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Friday, 8 March 2013

Why I like my job


For the first time in my life, my day job is a job I love. I work as Case Manager in a program for parents who are in the process of separating from their partner. In Australia, if a couple wants to go to court to sort out their differences, it is compulsory for them to do everything in their power to sort out their differences through mediation first. The courts won’t consider them until this has at least been tried.

The organization where I work offers such mediation for separating parents, but before they can have mediation, it is compulsory that parents attend our Parenting After Separation workshop, to assist them to develop the skills they need for a successful mediation - namely better communication skills with their ex-partner, and also learning how to maintain a child focused approach throughout the process. 

There are several aspects to my role. Every 2-3 weeks, I run the four-hour post-separation parenting workshop. The couples don’t attend the workshops together, but they are booked in to attend separate workshops, so that they feel easier about participating. It wouldn’t be conducive to positive group interaction to have the warring partners together in the same workshop.

The group can be an emotional experience, as we watch some confronting videos during the session, which clearly depict the impact of unresolved conflict on children. This is the focus of the workshop. If parents must break up and the rupture of the family is inevitable, we try to give them the skills needed to become less focused on their partner issues and more focused on the needs of their children.

The second aspect to the role is ongoing case management. The organization is quite flexible as to how many appointments a client can have after attending the group, but we insist on at least one. This is the appointment where I work intensively with the client to prepare them for their mediation, ensuring that they haven’t overlooked anything that they might want included in a parenting plan.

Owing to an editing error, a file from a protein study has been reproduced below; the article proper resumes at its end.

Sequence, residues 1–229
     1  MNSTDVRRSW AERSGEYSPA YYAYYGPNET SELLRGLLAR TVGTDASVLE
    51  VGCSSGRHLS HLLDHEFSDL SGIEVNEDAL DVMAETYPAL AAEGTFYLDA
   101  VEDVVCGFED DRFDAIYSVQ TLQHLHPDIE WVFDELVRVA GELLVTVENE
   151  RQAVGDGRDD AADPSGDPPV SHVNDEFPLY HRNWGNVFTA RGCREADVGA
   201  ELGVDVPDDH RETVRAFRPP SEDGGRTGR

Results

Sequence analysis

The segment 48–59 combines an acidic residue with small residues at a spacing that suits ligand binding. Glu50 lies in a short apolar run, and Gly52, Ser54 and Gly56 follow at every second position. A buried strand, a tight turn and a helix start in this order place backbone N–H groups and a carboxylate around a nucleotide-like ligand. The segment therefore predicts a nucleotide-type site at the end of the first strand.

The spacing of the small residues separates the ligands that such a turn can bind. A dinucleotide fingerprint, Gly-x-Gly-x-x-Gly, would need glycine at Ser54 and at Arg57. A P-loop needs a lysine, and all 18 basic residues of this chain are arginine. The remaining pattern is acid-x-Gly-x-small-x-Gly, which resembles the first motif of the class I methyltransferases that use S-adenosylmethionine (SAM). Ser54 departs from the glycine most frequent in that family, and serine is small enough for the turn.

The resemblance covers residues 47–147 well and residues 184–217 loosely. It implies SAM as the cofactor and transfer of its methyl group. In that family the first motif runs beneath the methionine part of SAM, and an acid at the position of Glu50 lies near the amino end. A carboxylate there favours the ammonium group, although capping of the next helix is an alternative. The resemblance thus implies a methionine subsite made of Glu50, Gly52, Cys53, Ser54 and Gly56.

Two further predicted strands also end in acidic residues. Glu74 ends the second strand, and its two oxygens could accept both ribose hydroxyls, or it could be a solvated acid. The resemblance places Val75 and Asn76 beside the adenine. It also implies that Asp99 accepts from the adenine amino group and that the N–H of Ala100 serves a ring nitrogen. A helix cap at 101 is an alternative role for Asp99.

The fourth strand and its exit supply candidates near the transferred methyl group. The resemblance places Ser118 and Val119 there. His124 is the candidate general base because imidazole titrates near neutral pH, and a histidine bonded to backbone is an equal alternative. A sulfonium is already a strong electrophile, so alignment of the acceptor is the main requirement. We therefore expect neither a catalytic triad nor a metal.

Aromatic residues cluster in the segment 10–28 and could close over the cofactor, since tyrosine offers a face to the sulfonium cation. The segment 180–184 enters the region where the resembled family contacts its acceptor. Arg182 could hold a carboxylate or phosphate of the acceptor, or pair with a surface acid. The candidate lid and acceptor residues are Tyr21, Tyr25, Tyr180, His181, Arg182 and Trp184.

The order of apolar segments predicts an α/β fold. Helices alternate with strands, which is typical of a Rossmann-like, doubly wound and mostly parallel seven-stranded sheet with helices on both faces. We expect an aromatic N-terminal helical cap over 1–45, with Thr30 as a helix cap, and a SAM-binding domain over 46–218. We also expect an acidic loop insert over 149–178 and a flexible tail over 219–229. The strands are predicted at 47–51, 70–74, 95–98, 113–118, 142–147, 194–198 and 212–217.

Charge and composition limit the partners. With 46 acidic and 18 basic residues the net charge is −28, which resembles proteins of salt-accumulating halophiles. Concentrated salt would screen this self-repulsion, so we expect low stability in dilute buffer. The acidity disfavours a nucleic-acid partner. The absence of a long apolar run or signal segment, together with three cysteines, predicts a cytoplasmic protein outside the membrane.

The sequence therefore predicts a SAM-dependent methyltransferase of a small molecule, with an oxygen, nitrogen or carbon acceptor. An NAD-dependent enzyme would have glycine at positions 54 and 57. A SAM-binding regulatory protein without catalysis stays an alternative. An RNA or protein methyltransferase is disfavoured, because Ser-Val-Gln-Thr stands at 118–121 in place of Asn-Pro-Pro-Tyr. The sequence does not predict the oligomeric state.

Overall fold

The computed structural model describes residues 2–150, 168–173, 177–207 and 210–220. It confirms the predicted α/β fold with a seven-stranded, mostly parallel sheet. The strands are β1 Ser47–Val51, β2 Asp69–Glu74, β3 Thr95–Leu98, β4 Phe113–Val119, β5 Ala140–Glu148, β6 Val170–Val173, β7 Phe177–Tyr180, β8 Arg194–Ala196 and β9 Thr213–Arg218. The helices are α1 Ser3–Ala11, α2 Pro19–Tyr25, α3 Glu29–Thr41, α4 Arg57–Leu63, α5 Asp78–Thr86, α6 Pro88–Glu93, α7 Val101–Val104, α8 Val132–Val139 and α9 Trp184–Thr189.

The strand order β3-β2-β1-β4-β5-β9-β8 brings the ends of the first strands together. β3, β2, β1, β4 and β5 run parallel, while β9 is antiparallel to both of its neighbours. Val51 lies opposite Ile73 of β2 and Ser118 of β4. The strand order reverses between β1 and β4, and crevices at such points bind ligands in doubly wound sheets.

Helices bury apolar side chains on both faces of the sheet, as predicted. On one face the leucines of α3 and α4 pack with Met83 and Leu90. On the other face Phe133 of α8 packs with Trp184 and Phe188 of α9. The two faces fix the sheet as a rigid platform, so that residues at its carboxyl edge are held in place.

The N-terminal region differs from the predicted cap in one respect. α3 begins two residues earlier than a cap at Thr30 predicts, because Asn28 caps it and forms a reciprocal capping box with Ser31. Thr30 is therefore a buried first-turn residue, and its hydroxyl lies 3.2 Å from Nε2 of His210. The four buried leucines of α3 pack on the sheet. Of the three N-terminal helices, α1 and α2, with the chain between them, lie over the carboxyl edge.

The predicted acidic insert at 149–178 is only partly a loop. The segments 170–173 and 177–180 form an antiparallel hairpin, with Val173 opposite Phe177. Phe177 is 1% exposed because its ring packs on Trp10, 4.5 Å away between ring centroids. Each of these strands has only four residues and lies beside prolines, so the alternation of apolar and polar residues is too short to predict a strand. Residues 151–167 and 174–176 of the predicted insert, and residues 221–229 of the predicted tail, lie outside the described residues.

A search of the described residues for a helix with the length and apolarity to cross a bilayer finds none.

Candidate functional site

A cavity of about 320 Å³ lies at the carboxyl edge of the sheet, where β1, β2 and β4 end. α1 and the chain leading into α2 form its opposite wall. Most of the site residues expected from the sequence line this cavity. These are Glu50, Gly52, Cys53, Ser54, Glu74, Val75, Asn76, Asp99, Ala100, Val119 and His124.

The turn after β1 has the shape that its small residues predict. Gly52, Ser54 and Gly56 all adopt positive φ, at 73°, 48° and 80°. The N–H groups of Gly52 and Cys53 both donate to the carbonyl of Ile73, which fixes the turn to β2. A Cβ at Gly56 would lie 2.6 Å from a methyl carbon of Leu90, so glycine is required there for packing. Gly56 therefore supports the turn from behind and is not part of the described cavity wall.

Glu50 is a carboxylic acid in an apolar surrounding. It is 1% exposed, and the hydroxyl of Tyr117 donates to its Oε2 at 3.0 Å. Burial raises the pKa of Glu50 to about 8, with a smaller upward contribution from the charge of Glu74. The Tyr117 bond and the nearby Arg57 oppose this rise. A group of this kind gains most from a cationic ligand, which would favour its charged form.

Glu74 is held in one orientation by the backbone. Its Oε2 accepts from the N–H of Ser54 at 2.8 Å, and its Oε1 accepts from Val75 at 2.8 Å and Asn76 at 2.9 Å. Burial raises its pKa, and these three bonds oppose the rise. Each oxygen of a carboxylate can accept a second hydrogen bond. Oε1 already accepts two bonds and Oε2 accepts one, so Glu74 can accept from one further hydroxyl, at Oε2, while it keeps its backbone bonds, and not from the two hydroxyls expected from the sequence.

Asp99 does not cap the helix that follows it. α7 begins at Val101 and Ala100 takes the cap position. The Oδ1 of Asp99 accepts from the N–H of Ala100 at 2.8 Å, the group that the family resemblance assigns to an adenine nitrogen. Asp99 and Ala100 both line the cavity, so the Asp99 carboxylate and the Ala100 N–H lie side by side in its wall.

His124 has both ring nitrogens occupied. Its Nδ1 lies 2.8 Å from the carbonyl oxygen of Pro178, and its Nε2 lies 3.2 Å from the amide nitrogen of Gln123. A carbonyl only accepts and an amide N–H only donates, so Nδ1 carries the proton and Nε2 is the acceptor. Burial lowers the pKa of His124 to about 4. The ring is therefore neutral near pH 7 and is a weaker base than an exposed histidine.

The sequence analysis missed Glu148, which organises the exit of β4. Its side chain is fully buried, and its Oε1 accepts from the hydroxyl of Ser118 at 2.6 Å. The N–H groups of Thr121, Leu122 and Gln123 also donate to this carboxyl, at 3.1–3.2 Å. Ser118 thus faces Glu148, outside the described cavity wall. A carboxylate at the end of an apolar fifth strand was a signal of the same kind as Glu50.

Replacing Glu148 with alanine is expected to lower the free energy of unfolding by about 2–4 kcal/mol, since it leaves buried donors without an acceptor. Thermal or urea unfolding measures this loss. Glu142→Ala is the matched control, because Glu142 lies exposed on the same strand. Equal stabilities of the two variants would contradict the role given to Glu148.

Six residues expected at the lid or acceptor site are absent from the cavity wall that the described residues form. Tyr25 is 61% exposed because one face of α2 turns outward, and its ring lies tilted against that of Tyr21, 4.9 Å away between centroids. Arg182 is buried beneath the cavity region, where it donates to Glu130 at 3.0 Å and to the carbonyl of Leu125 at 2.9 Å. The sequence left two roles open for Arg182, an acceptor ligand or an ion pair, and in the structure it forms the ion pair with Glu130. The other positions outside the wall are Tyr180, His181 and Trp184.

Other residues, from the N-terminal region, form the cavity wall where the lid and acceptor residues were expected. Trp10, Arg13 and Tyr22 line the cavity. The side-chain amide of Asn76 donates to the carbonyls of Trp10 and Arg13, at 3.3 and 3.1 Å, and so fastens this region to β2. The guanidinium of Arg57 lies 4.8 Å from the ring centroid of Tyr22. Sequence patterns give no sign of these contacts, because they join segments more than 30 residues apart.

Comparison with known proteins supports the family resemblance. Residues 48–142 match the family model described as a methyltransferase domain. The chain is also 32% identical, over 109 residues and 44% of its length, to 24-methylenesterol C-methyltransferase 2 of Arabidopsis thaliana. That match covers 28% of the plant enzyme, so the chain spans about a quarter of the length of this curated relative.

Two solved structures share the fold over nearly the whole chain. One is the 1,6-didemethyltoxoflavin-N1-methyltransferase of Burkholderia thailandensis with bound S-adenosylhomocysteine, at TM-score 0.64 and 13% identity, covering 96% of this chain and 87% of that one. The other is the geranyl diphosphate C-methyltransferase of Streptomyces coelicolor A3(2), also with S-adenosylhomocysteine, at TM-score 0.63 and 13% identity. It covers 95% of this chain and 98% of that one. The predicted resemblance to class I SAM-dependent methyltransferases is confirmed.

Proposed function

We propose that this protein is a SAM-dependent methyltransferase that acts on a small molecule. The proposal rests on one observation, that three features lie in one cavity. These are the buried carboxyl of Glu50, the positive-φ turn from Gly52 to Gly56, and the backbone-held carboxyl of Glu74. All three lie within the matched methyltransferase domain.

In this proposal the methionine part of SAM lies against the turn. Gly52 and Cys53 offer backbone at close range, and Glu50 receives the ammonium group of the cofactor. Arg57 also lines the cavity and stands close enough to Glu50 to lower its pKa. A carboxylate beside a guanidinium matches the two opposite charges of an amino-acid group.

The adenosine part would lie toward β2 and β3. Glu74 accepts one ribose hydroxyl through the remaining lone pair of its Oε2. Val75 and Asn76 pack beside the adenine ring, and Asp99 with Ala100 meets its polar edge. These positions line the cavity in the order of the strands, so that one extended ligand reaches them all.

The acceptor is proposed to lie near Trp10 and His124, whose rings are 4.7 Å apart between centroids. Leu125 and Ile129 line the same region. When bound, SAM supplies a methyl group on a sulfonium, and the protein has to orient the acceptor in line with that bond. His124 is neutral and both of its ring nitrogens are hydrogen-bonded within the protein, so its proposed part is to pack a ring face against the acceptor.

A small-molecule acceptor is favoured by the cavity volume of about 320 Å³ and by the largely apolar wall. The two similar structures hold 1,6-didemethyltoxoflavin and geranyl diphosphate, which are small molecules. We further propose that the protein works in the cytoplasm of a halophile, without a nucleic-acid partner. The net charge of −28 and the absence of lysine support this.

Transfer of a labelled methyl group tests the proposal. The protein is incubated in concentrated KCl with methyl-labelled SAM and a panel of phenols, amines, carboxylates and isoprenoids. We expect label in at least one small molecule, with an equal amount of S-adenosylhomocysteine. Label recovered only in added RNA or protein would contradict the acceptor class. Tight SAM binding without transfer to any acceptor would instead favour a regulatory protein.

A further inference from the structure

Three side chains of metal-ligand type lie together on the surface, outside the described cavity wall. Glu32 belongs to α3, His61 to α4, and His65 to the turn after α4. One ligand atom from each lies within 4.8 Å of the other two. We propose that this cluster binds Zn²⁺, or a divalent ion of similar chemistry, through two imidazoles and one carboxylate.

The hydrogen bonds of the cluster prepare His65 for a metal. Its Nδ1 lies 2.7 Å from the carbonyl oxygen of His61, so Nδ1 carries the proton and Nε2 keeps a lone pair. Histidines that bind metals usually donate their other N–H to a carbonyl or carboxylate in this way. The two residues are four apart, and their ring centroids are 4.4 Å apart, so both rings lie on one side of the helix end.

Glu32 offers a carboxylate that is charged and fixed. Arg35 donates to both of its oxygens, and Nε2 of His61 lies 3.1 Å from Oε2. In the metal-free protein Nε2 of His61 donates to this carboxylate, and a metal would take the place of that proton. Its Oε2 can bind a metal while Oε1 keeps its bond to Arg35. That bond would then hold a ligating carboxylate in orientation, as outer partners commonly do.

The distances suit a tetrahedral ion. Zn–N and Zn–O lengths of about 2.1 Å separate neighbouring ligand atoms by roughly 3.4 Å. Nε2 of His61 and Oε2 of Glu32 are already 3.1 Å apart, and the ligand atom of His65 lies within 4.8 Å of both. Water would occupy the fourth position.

I certainly enjoy running the workshop, knowing that I might be helping to make a break-up a little less traumatic for children, but it is these case management interviews I really enjoy. The first appointment is where I get the chance to find out if the parents have taken the information and skills on board. Some parents have clearly made a shift, but others come to the appointment with no agenda other than to attack and blame the other partner, not even able to see how their children are being impacted by their behaviour.

Although I case-manage the parents individually, I still work with both members of the couple, and this is what makes the work so interesting - I get to hear both sides of the story. It is amazing how very different each version is. They might match up a little in places, but in others, it’s as if they are talking about a completely different experience.

Although it’s not my role to work out who is telling the truth, and who is lying, my mind automatically tries to solve it like a crime. I wonder who is telling the truth. Who is lying? How can I tell? He says she did this, but she says he did that. She says he was physically abusive. He says she was verbally abusive. I find I tend to believe one over another, and it is interesting that it is usually the partner whose version I hear first, but in several instances I have been swayed when I heard the second partner’s version.

Of course, the skill of the role is in not allowing any bias to be obvious. My role description is not to work out who is lying and who isn’t, but to provide an equal support service to each partner without judgment, preparing each for their mediation, referring them on to other services if needed, and to assess whether or not they are being child focused as they move on or just continuing with partner bashing. I know that I have succeeded when I develop a rapport with both partners, and both continue to seek me out for ongoing support.

I know that often I am hearing truths, half-truths, embellishments, exaggeration, and outright lies, however most of the time I know I am hearing two genuine people who are telling extremely different stories, but both stories are part of a bigger truth, yet still not the whole truth. I hear awful things, selfish and tragic stories, but also many wonderfully selfless and inspirational stories from parents willing to go the extra distance to spare their children unnecessary hurt - parents such as the mother in the time of King Solomon, who would sooner give up her child than have him or her torn down the middle.

The anger, rage, bitterness I see, are symptoms of a deeper pain, but the hurting parents usually have the skills to go to someone and ask for help. But what of the children - the children who are torn between both parents because they love both and want to be with both? I have not heard of any instances yet where children have turned up at our front counter, or rung in seeking help to escape the constant conflict.  They don’t have the skills to seek help or the maturity to express what’s going on for them. They suffer alone and in silence. If my job can help parents to forget themselves and remember their children, then I think I’m doing something extremely worthwhile.

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